5 out of 5
The Sequels could have been milked for so much more. I love that it wasn’t.
Four adults who have had 80s movies adventures in their pasts – the Monster Squad adventure, the Dark Crystal adventure, Short Circuit, E.T. – find themselves disillusioned at the lack of adventure in their day-to-day lives. A stranger has approached each, dropping details of their experiences, and encouraging them to check out a support group for like-minded individuals. And so they do, and discover a bond: namely that, while what occurred for each of them was great at the time, it was also potentially destructive. Gwen lives in fear of the evil aliens left behind; Dakota constantly worries that he didn’t actually save imagination… meanwhile, they do actually form a friendship, with writer Norm Harper breezing through this so naturally that we don’t give much thought to that initial approaching stranger, who’s not since reappeared.
Each issue of The Sequels kicks off with a pastiched retelling of part of each character’s adventure, done up in newsprint-styled cartooning, and narrated with a sense of wonder, but Harper doesn’t abuse this: each instance of this is employed a little differently, to either compare to or juxtapose the previous iteration, and to add some more details that suggests there’s something more drawing our characters together than these memories. Soon, opportunity presents them with the option to maybe rekindle some of this past, and for sure, the opportunity is jumped at.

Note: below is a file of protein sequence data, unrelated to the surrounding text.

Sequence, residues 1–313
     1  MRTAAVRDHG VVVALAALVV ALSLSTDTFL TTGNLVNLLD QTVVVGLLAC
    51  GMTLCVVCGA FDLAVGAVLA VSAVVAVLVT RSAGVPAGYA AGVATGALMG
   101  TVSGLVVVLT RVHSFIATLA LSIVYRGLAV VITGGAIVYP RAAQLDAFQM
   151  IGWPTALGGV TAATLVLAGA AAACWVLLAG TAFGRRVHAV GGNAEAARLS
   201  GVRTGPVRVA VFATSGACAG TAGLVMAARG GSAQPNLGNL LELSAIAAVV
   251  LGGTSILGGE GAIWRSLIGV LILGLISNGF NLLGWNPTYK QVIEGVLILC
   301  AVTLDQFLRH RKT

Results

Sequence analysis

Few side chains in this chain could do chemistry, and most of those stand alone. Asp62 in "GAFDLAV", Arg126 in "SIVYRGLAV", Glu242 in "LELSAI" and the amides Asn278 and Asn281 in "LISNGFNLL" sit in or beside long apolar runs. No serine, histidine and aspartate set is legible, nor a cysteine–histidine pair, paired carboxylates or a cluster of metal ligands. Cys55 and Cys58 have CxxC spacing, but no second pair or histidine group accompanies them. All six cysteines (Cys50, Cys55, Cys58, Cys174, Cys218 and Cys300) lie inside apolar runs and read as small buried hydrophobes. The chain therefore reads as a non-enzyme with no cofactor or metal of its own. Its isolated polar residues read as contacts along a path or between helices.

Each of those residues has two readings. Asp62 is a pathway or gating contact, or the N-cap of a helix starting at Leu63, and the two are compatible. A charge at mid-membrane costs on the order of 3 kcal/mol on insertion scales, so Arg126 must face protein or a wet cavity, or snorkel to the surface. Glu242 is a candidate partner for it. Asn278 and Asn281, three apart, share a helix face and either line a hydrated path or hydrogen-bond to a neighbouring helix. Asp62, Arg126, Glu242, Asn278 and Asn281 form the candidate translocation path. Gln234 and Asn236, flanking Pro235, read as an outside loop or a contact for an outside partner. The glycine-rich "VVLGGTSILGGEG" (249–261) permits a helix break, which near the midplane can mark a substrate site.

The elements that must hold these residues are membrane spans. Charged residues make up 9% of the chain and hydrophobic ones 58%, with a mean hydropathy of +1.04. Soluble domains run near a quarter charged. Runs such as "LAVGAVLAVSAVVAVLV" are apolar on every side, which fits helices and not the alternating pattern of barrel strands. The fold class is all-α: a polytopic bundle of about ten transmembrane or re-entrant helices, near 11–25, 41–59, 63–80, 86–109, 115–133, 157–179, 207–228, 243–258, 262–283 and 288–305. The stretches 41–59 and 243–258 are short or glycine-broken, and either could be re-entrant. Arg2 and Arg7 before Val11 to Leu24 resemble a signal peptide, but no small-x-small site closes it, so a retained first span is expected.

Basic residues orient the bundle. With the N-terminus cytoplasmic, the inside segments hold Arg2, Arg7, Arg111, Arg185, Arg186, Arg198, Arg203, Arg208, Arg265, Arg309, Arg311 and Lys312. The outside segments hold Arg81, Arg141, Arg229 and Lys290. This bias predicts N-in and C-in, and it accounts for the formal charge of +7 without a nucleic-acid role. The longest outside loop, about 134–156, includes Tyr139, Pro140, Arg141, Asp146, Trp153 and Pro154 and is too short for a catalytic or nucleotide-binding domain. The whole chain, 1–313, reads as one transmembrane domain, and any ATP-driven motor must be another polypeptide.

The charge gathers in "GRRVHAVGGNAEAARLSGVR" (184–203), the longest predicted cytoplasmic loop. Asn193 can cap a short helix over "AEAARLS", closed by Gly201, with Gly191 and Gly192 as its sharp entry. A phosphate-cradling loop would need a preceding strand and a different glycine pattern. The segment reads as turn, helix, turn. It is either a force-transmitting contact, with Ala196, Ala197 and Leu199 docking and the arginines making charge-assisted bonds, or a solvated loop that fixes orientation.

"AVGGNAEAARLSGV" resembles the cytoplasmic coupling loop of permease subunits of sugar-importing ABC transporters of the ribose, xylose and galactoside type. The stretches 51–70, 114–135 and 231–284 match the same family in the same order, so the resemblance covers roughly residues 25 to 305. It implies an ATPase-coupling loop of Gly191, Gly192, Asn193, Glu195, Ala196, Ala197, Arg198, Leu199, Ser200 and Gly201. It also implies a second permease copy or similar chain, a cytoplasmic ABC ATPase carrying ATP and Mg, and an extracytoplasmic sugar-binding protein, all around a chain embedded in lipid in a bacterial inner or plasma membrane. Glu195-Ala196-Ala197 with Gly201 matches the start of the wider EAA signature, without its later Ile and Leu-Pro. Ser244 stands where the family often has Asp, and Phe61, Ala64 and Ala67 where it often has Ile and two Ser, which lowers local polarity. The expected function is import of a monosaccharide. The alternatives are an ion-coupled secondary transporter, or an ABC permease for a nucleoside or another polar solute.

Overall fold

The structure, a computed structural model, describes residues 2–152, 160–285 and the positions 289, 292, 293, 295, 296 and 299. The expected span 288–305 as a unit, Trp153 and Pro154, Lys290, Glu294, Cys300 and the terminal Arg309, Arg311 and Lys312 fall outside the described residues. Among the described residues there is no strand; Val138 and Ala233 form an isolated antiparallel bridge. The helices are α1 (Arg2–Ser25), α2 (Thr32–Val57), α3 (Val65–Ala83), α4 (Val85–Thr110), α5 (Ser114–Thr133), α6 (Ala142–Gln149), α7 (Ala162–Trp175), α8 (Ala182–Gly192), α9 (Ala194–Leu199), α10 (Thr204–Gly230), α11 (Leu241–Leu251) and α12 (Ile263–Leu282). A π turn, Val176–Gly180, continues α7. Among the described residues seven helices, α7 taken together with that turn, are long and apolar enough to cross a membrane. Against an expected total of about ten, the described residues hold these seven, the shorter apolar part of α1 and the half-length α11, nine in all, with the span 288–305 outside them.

Any of this could have been milked endlessly. The nostalgia wink of the 80s references could’ve been an ongoing comedy comic; the pitch of coming back to your rose-tinted kid memories as an adult; the mysterious conspiracy that connects everything… and The Sequels instead gives us a perfectly concise start, middle and finish, and does so without rushing or dropping any of its hinted-at threads. Any time I questioned what I would do or say in a scenario, a character speaks to it. Any time I thought I spotted something that was overlooked, it gets a nod. The conversations are brief – this is a quickly paced book – but they flow naturally, with a good balance of seriousness, contemplation, and snark spread across four smartly defined characters. There’s even an effective sense of stakes: if there is one thing that puts it squarely in line with its movie influences, it’s that it “pushes” the limits of a PG rating with swearing and violence, i.e. it’s the kind of “kid friendly” story that’s, sure, more popular in a post-Stranger Things world, but still isn’t as commonplace as it seemed back in the day of Goonies and whatnot.
On the art front, that could’ve been an easy way to hobble this – if you go too dark, it’s not a fit; if you go too light, it undermines its more serious moments, and going inbetween can be problematic as well, as you run the risk of just looking like a mish-mash. The Sequels does go inbetween, but brilliantly so: the characters are drawn in a clean, flat style, with flatted colors adding a “simple” sense to things, but then it’s all given sort of a muddied wash in the background colors, which grounds it rather ideally. The aforementioned newsprint look to the flashbacks is another great touch. I never felt taken out of the story – during dialogue, during action – and for a tale so reliant on reveling in fiction, that’s obviously a great thing.
I praise that this was wrapped up in four breezy issues, but of course I also totally want… yeah, a sequel, duh.